by Sean Anthony

Flagstaff has a long, long history as an altitude training site and that history has included, as many know, being home to an officially designated U.S. Olympic Training Site (USOTS) based at Northern Arizona University. Although we at Hypo2 have done much of what we set out to do after the closure of the NAU-based Center for High Altitude Training (more athletes from more countries in more sports, the establishment of a true high performance center through which we could serve athletes, and a greater economic impact on our community), we often find ourselves fielding some version of the question, “But what about the Olympic Rings?”

First, some context: in the USA, the Rings (along with words like “Olympic” and “Olympiad” and even the Olympic motto, “Citius Altius Fortius”) are the intellectual property of the U.S. Olympic Committee (look up the Amateur Sports Act of 1978 if you’re curious). Therefore, no one without some form of official affiliation with the USOC can use these and, even in those rare instances of affiliation, such usage is still strictly controlled. Furthermore, receiving any kind of designation from the USOC involving the Rings necessarily pertains solely to work related directly to the U.S. Olympic Movement, and does not carry over to other programming.

So when we get the question about the Rings, we, in turn, have to ask our own questions. Is there anything that the Rings allow us to do that we don’t already do in terms of serving U.S. athletes? Not really. We actually do far more work with U.S. runners that we (working at at NAU) ever did as an officially designated USOTS for them. Are there strings attached to having the Rings? Not strings so much as steel cables. You could go so far as to say that an official connection to the Rings through the USOC is more restrictive than helpful in many ways. But won’t the Rings have a positive impact on our ability to raise funds in connection with our servicing of U.S. runners and thus better serve them? Experience has shown the answer to be no. This is because any entity wanting to create an association with the Rings through a sponsorship that helps support athletes affiliated with the USOTS must already be an official U.S. Olympic sponsor. And those sponsors have, at the highest organizational levels, already paid their millions in support and have little incentive to help on a local level to get something they already have.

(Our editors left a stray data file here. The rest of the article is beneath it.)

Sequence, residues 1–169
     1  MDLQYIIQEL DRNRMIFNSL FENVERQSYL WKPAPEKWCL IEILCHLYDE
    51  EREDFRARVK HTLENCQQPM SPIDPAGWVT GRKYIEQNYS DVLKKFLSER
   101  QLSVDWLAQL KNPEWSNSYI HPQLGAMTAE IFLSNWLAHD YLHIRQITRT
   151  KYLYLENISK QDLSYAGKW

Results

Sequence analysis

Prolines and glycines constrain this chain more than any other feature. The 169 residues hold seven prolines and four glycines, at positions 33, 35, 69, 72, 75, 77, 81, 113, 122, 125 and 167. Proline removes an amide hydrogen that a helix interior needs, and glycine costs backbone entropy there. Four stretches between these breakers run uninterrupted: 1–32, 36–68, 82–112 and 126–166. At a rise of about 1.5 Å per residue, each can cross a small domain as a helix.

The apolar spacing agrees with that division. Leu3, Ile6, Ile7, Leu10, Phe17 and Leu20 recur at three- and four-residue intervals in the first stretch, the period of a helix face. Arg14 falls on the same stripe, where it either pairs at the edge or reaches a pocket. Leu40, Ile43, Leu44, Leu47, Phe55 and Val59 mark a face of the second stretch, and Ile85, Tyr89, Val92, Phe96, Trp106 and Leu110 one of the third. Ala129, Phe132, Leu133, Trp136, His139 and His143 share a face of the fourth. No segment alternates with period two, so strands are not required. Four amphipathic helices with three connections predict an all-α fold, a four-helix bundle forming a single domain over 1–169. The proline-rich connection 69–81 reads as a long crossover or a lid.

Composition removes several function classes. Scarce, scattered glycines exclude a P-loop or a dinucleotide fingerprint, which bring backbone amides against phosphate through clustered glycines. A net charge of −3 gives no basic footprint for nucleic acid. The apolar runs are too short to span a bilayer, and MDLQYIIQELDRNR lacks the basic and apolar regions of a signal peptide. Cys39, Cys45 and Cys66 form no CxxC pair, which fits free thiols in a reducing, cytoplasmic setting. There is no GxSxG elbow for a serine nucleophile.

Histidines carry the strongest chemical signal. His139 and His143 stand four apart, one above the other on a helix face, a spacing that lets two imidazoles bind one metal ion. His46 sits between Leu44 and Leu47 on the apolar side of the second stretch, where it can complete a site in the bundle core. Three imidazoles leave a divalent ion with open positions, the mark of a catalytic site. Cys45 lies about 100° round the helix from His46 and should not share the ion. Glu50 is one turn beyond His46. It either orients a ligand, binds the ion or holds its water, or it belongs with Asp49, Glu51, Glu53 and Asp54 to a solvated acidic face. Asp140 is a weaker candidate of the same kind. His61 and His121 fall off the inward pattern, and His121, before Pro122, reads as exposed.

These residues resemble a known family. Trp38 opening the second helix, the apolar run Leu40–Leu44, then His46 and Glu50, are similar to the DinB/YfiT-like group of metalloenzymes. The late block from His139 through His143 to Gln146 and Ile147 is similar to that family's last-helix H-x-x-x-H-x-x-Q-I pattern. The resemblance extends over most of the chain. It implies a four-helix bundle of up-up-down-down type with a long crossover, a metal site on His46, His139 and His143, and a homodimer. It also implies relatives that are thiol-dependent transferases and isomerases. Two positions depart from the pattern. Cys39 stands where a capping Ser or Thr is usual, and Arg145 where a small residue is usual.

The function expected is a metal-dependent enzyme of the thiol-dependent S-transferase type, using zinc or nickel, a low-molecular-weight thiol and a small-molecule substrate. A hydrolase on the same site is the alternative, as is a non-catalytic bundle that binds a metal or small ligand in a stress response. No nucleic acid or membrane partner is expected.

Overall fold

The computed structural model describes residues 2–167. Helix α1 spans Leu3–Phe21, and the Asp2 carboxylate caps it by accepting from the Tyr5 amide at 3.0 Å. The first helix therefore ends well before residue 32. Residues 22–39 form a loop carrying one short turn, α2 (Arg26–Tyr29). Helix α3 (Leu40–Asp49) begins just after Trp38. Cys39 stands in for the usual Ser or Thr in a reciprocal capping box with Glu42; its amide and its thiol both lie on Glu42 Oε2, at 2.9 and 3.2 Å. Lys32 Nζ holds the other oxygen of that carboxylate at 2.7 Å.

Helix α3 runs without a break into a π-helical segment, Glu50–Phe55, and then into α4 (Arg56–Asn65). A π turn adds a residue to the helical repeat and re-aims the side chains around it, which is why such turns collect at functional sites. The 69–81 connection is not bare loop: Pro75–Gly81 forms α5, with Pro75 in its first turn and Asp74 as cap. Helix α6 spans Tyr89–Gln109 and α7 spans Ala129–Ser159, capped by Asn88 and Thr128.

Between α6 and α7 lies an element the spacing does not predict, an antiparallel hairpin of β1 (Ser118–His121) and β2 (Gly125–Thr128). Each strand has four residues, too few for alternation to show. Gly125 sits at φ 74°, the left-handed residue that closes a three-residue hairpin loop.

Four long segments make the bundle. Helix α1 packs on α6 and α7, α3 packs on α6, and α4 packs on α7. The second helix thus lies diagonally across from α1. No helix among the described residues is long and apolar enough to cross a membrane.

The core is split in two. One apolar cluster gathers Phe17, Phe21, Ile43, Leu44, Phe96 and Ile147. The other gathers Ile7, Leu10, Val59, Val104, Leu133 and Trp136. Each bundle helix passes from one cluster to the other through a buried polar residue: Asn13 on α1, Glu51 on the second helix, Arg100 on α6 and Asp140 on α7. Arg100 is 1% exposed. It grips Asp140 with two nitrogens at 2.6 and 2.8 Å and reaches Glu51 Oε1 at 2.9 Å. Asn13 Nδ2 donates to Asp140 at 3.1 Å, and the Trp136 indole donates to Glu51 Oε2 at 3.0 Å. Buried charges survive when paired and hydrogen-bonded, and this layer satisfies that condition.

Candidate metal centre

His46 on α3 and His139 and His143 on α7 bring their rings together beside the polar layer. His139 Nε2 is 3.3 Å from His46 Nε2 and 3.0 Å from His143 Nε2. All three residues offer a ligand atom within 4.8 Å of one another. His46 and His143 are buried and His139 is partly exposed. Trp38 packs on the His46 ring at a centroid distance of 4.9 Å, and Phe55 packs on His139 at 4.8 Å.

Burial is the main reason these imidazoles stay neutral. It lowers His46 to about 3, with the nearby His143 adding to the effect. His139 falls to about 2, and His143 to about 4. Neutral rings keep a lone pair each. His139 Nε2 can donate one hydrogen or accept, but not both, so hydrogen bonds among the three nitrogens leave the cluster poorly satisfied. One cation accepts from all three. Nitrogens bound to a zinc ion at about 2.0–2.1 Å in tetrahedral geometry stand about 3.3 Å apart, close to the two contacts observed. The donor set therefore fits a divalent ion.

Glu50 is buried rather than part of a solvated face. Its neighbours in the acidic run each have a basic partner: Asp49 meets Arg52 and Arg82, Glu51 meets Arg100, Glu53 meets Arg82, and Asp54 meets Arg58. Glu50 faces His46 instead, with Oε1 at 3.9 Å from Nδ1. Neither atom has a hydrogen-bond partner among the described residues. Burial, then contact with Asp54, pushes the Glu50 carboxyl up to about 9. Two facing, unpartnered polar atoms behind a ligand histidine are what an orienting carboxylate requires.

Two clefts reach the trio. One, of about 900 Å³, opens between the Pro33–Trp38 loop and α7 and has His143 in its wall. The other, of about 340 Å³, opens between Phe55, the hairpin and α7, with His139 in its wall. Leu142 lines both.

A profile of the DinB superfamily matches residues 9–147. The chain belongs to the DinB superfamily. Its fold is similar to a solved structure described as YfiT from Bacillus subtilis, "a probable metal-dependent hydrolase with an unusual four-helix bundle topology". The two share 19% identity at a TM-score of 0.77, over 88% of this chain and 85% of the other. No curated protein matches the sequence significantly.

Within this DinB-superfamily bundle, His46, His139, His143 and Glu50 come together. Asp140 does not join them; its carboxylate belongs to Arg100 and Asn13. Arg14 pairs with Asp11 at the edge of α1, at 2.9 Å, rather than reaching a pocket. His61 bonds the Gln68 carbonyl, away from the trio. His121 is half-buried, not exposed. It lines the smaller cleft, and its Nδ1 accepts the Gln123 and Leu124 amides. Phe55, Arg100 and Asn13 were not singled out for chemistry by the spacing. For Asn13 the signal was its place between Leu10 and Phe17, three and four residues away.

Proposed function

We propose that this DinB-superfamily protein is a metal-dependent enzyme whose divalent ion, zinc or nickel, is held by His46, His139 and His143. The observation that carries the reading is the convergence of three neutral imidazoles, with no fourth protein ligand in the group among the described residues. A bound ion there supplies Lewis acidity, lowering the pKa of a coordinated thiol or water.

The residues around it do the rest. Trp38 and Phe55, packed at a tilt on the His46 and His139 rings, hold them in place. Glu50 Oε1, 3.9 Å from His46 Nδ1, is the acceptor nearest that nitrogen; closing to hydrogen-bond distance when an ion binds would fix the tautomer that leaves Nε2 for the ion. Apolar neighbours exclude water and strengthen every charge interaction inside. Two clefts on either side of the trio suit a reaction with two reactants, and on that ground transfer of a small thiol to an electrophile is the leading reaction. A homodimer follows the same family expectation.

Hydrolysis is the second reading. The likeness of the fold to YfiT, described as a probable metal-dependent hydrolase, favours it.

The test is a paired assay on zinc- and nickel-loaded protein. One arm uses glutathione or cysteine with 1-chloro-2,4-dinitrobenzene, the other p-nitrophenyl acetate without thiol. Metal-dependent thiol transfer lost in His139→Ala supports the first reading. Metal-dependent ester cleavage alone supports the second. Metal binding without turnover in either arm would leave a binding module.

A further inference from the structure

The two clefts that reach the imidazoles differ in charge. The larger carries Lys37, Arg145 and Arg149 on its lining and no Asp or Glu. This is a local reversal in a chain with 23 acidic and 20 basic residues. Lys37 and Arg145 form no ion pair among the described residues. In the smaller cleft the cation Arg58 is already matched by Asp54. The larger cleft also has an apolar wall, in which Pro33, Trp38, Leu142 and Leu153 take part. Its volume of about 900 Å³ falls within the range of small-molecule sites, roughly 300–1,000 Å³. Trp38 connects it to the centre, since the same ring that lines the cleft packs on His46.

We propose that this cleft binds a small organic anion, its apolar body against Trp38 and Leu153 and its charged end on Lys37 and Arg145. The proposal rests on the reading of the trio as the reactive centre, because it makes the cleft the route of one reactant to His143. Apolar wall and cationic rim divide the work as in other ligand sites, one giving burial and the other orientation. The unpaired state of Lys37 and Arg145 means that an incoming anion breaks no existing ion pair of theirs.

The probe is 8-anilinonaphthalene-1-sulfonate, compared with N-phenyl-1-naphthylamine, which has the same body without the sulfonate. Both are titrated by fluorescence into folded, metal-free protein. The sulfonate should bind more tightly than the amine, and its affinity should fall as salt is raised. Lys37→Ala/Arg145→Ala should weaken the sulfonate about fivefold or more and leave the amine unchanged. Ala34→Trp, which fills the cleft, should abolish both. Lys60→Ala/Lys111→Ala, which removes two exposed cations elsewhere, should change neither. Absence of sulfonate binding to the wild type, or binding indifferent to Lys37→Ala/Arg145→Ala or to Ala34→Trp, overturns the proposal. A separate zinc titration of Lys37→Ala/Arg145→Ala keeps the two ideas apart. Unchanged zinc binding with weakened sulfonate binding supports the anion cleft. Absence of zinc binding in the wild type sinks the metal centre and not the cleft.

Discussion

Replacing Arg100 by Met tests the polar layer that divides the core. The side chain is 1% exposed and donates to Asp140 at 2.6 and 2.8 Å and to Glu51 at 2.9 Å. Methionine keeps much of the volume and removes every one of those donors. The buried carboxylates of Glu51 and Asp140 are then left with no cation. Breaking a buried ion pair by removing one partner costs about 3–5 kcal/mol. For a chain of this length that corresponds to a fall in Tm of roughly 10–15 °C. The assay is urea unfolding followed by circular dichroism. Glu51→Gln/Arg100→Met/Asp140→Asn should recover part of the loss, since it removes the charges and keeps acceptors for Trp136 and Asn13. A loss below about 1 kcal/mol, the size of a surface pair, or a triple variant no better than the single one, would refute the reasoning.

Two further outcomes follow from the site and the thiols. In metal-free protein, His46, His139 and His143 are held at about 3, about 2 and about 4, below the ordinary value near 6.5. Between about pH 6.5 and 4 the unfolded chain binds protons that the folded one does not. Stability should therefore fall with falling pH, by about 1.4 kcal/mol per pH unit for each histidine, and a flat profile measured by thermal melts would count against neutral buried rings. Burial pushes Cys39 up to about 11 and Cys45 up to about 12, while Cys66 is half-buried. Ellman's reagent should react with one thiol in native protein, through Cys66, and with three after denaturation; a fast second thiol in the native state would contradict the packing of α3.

So then why bother?

Well, I’ll tell you.

In a nutshell, I believe that nothing connotes excellence in sport the way the Olympic Rings do. Nothing. And the Rings represent far more than just the many sports and striving athletes which fall under their umbrella. Olympism carries with it some pretty lofty ideals and associations, and these ideals not only lift athletes to ever greater levels of performance, they tend to lift everyone around them – and in a myriad of ways. The modern Olympics’ founder Pierre de Coubertin thought the Rings, as the visual embodiment of Olympism, had deep significance that transcended sport alone. He saw them as something that meant nothing less than the very union of humanity, brought together under an umbrella that covered the joy found in effort, the educational value of good example, and respect for universal fundamental ethical principles.

The Rings are not the end-all, and may change little in how we as an organization go about the nuts and bolts of playing host to the world’s best athletes. They have little to do with our questions of increasing resources and raising money and serving better. But I think they have everything to do with something much bigger. I think the Rings are important to the entire northern Arizona community, not “only” as a symbol of our connection to the Olympic Movement and a visual representation of our dedication to sport at the very highest level, but also as an indication of our collective dedication to excellence in all its many forms. They say more in one image about who we are, what we do, and how we do it, than any 100 other images or words combined. It is not a means to an end; it is an end in and of itself.

The Olympic Movement is, at its core, a family of both individuals and entities who all are inspired by the values and ideals of Olympism, along with the belief that sport has the power to unify communities, whether local communities or nations. If given the opportunity to be associated with this movement and all that it stands for, the questions really boil down to just one: what are we waiting for?

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